Elements to bear in mind on Ponce architecture
Jorge Ortiz Colom, Instituto de Cultura Puertorriqueña, Ponce office / November 2007
S BUILT FORM
– city and buildings - reflect multiculturalism and an open, progressive view of the world. This is particularly important in the mixture of vernacular and cultivated forms and details andthe blending of local and imported materials. Ponce was Puerto Rico’s commercial center for theimportant export industry of semi-processed agricultural products: dry coffee beans (shipped raw orroasted) and brown or muscovado sugar.It is climatically appropriate, with a use of low-temperature-burned brick masonry and wood, bothnative mostly in structure and imported in sheathing.The use of balconies and enclosed galleries, highceilings with an airspace between it and the (generallytin) roofs and the design of doors and windows are allspecific responses to a hot, semidry climate at a time of lack of easily tappable energy sources.
Representative buildings and types
Ponce architecture is characterized by elements like:
Vernacular predominance between 1825approx. to 1900, using mostly local wood, mampostería or brick, generally rectangular or L-shapes, high hip or side gable roofs (the latter with distinct ventilating grilles in wood slats). Thisstyle continued as a subordinate tendency up to ca. 1920. Usually the interior is 3 rooms widewith a central living space flanked by bedrooms, or 2 wide with one side for public space and theother one for bedrooms. Some of these are “absorbed” great houses of estates that were cultivatedhard up against the town.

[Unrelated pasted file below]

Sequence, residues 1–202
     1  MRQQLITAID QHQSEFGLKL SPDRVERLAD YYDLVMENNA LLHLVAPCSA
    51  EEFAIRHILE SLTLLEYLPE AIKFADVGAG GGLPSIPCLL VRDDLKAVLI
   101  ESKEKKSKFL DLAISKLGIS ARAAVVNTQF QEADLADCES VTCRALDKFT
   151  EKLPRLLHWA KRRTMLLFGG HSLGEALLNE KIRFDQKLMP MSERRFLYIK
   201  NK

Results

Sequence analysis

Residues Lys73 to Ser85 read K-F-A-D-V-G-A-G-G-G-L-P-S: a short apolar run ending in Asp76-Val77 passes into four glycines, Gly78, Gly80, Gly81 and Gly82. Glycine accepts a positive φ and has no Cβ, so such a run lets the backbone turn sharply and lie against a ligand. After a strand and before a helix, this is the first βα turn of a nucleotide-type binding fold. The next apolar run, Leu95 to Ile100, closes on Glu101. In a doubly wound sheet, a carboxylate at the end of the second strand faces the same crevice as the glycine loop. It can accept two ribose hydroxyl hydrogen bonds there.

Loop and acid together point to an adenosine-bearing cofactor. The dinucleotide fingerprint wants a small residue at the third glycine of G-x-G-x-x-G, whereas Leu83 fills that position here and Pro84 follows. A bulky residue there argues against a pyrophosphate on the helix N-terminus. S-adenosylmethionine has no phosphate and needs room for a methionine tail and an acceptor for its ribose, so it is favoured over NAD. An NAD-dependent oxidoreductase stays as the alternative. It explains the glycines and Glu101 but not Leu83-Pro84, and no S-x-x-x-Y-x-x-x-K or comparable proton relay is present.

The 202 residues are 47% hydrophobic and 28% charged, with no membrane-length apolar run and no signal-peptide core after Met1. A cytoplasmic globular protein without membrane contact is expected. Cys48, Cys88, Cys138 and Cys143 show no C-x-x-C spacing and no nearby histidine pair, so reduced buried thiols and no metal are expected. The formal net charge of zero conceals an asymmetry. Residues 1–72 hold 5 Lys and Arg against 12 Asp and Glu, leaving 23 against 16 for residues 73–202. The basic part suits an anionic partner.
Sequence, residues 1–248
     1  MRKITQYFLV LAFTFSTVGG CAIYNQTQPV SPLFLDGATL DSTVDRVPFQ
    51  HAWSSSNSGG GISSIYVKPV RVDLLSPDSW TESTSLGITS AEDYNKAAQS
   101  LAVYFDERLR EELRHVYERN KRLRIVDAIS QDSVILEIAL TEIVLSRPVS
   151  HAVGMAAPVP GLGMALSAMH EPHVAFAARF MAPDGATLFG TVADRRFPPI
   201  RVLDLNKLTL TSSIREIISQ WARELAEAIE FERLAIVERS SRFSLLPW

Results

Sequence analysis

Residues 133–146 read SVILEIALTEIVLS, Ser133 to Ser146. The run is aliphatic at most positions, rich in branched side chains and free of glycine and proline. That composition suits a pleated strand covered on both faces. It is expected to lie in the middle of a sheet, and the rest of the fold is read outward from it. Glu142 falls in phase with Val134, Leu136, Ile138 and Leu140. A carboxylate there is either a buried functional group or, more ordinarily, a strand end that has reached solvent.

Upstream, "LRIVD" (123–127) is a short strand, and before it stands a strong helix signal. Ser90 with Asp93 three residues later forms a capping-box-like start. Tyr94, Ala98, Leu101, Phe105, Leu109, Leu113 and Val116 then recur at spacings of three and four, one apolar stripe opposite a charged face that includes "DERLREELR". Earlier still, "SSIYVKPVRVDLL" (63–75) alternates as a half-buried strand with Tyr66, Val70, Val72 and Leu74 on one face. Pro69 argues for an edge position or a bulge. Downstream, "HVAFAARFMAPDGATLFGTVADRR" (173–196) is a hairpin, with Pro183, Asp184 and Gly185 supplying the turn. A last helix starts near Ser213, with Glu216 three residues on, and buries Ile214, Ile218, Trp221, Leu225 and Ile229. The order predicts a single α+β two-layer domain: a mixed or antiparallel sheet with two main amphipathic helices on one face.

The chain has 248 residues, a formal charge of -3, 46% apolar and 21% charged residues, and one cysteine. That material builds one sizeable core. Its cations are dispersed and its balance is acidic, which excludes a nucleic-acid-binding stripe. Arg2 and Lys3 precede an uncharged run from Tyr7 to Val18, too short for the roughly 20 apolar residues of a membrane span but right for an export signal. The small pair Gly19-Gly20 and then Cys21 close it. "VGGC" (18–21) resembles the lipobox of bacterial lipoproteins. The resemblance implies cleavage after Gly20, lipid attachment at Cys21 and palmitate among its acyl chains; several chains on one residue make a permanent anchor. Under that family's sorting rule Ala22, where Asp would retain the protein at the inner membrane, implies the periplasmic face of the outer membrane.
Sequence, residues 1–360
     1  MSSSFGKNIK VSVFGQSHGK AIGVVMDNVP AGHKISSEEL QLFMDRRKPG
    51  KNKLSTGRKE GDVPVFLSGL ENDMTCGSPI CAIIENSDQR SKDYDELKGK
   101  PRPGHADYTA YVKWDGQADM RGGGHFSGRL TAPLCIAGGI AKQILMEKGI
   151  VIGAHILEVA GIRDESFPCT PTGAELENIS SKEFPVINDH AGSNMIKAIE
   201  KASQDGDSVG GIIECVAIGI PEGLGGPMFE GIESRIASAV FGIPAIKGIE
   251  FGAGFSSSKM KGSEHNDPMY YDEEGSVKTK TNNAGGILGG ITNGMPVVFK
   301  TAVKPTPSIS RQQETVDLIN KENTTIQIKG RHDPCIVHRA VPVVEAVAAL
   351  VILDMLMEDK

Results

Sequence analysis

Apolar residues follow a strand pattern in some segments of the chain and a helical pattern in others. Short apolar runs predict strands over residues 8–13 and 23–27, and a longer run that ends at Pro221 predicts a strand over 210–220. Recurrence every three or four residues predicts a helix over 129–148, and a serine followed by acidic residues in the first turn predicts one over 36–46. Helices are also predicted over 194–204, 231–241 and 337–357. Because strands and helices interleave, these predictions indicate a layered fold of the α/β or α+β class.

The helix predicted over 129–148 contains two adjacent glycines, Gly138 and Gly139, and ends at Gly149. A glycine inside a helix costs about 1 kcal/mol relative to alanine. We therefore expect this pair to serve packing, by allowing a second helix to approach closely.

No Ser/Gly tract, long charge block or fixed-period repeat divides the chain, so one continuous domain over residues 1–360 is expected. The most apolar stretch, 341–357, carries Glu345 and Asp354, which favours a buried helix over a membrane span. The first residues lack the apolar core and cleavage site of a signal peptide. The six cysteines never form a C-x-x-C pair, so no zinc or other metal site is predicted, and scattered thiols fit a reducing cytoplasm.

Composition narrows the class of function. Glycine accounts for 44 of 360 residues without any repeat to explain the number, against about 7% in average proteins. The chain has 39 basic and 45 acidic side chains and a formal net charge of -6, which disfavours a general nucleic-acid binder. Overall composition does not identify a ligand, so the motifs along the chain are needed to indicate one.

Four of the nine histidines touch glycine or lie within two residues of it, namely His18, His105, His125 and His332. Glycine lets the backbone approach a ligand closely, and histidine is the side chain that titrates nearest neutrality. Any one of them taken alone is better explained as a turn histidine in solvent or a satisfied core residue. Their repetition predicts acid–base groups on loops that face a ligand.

Cultured tradition by several known architects and engineers, in many cases designing upon the vernacular interior schemes. Neoclassical was the prevalent language and its exuberance isevident for example in Manuel Doménech’s Carlos Armstrong House (1899). Some designers likeengineer Blas Silva and architect Alfredo Wiechers however develop alternate plan distributions.Wiechers was greatly influenced by Catalan
(many wealthy residents of the city were infact of Catalan origin), and other architects also used
-inspired detailing specially infaçades, balconies and
(ornamental interior screens subdividing the main living space).This type of building prevailed between 1880 and 1920 in the more central locations.
Pattern-book plans using American models and inspiration in bungalows and Anglo-Americanarts and crafts details. Usually built in imported wood and concrete. Some are visible inresidential sectors of downtown and others in sections like the Mariani residential subdivision(inner suburb) southwest of downtown. This was prevalent between 1920-1950.
Art Deco and Art Moderne in many areas used in all genera of building. Simultaneous use of Spanish Revival mostly for residential. (1930-1960)
Monumental traditions, mostly neoclassical, for the significant buildings in town. As Ponce grew,many stylistic traditions were tried. There is no stylistic uniformity in Ponce comparable with thatof San Juan and its overriding colonial-neoclassical theme.
Vernacular gingerbread house in thenorthern part of the city center